By Gretchen Kurtz
By Mark Antonation
By Ben Landreth
By Isa Jones
By Isa Jones
By Cafe Society
By Cafe Society
By Constanza Saldias
When I was growing up in the southern suburbs, Southglenn was the only mall within several miles, and I'd frequently stroll through it with a preteen friend, one unfastened strap of my overalls dangling jauntily behind me like some weird denim tail. I'd buy a pair of cheap plastic earrings at Claire's or maybe a poster at It's Your Move, and then every trip would end with me spending the last of my allowance on an Orange Julius or a Cinnabon, the best dining options available, and consuming it while I sat at a plastic table, waiting for my mother to load us into her minivan and take us home.
I was a fickle fan, though, and I quickly abandoned Southglenn when Park Meadows, with all its slick stores, ski-resort feel and sunny, spacious food court, opened just a few miles away. Even as a self-absorbed teenager, I knew it was only a matter of time before the old mall, anchored by a shabby Sears, would have its date with the bulldozer.
That inevitable date came, wiping the Southglenn mall off the map. And like a strategically designed phoenix meant to lure consumers with its ostentatious beauty and grace, last August the Streets at SouthGlenn rose resplendently from the ashes.
6955 S. York St.
Littleton, CO 80122
Region: Southeast Denver Suburbs
The vast swatch of property that backs up to University Boulevard between Arapahoe and Dry Creek now boasts a carefully constructed outdoor village, a mix of luxury rentals, artisan shops and restaurants. Where fast-food chains once dominated, there are handcrafted-pizza places, Middle Eastern falafel joints, even a pho shop. The development is a testament to the expansion of dining culture in Denver and the urbanizing of the suburbs.
It was here, in the upscaled outskirts of the Mile High City, that former Iron Chef America winner Mark Tarbell chose to put the latest in his expanding group of restaurants. Tarbell already had a successful fine-dining restaurant in Phoenix when he opened his first Colorado restaurant in another new suburban development, Lakewood's Belmar. The Oven Pizza e Vino was a quick hit there, and a few years later, he opened another eatery, Mark & Isabella's. But that kitschy Italian concept never found its rhythm, and it lasted just eleven months before closing abruptly in November 2009.
The same month that Mark & Isabella's shut down, Tarbell opened a second outpost of the Oven in SouthGlenn. And just a month later, he opened Home, his second attempt at finer dining, a meditation on American cuisine in both traditional and modern form. The airy, high-ceilinged space looked great, filled with dark, modern furniture, one wall adorned with cross-sections of dozens of tree trunks. But the name was a problem.
Diners thought the place was a housewares vendor, and another Denver restaurant that had the word "home" in its name didn't like what it saw as brand infringement. So in February, Home became Tarbell's, taking the name — if not the menu — of the Phoenix flagship. And now, with the distraction of Mark & Isabella's and the drama of the name change over, Tarbell's has truly made itself at home. Tarbell and his executive chef, Matthew Fenton, who is responsible for the day-to-day kitchen management and much of the menu development, are doing one hell of a job.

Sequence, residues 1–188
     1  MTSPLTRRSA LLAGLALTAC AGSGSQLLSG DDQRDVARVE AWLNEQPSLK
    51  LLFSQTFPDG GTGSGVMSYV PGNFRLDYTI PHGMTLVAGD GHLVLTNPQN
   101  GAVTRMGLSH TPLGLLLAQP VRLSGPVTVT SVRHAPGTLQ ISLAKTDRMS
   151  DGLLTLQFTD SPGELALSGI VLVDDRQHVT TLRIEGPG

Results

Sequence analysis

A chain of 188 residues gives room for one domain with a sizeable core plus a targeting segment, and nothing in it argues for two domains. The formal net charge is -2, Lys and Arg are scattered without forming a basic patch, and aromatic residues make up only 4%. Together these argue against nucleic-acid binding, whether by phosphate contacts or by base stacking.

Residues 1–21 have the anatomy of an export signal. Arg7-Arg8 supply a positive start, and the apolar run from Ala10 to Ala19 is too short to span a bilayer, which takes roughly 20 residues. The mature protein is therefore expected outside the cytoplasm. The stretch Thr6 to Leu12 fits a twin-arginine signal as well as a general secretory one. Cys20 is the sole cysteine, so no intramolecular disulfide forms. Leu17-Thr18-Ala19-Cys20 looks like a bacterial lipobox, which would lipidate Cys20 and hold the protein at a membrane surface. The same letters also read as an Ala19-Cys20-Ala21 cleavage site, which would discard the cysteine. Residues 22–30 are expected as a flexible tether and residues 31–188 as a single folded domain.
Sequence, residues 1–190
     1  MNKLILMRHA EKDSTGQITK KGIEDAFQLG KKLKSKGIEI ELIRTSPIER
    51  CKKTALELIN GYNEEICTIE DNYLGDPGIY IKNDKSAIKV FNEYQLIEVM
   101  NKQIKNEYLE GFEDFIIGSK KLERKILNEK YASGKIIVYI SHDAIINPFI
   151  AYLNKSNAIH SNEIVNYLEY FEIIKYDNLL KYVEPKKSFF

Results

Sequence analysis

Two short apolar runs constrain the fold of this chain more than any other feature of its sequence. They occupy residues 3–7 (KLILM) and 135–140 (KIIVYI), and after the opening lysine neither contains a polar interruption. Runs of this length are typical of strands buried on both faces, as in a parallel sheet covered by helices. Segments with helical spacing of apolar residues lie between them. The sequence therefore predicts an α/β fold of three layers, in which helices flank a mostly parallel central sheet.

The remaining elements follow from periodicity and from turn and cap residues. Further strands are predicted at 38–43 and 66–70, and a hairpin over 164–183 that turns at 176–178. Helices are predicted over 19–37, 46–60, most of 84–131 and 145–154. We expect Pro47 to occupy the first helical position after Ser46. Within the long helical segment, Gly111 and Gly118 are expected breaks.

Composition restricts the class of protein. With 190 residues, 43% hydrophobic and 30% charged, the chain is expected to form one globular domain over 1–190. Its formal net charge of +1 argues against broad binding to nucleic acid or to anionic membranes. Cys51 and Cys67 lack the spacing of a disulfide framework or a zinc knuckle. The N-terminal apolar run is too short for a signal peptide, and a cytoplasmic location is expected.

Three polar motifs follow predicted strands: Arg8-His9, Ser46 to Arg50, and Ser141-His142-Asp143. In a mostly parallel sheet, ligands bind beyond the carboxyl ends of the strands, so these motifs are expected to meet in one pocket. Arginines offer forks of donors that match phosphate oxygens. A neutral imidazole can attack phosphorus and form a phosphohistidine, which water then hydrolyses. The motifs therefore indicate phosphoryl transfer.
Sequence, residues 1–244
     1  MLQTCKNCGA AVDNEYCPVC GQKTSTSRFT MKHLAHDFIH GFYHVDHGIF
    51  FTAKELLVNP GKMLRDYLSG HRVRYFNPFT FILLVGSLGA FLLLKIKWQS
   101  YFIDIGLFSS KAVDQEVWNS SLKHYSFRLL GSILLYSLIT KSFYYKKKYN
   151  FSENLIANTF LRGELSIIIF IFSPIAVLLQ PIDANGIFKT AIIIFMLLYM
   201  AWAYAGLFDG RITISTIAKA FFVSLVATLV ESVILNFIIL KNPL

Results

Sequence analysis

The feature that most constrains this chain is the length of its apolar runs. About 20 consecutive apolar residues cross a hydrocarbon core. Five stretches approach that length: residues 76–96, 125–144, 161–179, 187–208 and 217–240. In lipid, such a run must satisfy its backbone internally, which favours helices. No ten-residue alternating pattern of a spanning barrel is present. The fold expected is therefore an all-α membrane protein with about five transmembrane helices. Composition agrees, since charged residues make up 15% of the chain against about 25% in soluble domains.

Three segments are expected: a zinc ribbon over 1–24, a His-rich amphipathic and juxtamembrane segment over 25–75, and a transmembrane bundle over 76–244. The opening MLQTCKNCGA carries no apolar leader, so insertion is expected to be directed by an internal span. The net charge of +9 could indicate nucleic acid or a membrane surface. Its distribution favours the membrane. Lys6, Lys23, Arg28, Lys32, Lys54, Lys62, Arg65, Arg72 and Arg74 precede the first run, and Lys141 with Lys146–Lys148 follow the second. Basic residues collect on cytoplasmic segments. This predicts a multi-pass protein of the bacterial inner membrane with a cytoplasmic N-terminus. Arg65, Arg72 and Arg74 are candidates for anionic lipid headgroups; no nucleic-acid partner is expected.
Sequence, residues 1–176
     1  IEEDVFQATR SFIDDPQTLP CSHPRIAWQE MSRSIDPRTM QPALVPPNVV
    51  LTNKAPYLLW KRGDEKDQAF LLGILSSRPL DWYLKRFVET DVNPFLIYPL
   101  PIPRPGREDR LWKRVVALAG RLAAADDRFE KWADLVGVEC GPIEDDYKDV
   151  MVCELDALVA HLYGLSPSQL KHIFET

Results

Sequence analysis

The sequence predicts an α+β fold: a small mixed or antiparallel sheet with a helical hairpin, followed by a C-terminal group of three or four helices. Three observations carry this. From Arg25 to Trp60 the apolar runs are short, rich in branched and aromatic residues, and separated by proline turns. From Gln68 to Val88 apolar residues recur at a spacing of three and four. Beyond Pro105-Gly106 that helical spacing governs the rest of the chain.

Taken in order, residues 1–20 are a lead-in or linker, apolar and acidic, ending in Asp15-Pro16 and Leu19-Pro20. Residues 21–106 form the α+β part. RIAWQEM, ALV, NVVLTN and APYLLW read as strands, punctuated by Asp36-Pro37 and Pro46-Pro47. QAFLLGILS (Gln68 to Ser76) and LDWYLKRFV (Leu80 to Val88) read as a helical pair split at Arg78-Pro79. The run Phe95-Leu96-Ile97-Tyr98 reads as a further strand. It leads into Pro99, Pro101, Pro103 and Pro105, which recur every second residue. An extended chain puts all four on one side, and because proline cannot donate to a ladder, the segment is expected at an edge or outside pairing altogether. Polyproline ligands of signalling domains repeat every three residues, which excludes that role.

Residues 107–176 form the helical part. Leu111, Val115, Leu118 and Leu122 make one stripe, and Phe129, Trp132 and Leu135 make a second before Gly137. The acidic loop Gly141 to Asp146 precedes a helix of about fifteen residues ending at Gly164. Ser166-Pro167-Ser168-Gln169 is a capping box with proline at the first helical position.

The menu is split between vintage and modern, with the latter a nod toward haute-American food, drawing influence from both the East and West. The fish tacos — white cod in a grainy crust of fried cornmeal topped with cilantro and chipotle crème — were smart and well-executed. The ahi tuna, cool-centered and medium rare, came on a bed of edamame-studded wasabi mashed potatoes that had a pleasant kick but didn't detract from the rest of the savory flavors on the plate. And the omega-3 hand-cut fettuccine was nicely al dente and much lighter than I expected, the flat noodles glistening in parmesan broth, all richness derived from the earthiness of the highlighted wild mushrooms.
The vintage dishes, elevated versions of classics, were even better. The macaroni and cheese was a standout, with Manchego, fontina, white American and white cheddar cheeses mixing in a tangy, sharp roux over a bed of elbow macaroni. The fried chicken was precisely what fried chicken should be: moist white and dark pieces of the bird in a light, crispy, golden-brown batter, served with a moderately dressed tart coleslaw that cut the heaviness of the dish — and prevented fried-food-related guilt (if I eat 100 grams of fat with a vegetable, it doesn't count, right?). The open-faced soft-shell crab sandwich was exquisite, a stack of challah toast, lightly battered soft-shelled crab, and a fried egg whose yolk lent soft richness to the hard bite of the other two components.
Like so many dishes at Tarbell's, the crab sandwich spoke of a chef who considers not just flavor, but also mouthfeel when constructing food. I saw that consideration again in a side of slick sautéed mustard greens garnished with a crunch of wispy fried onions. And again in minuscule brioche croutons, which brought balance to a salad made of field greens and blanched seasonal vegetables, including beets and carrots, and drizzled with carrot-juice vinaigrette.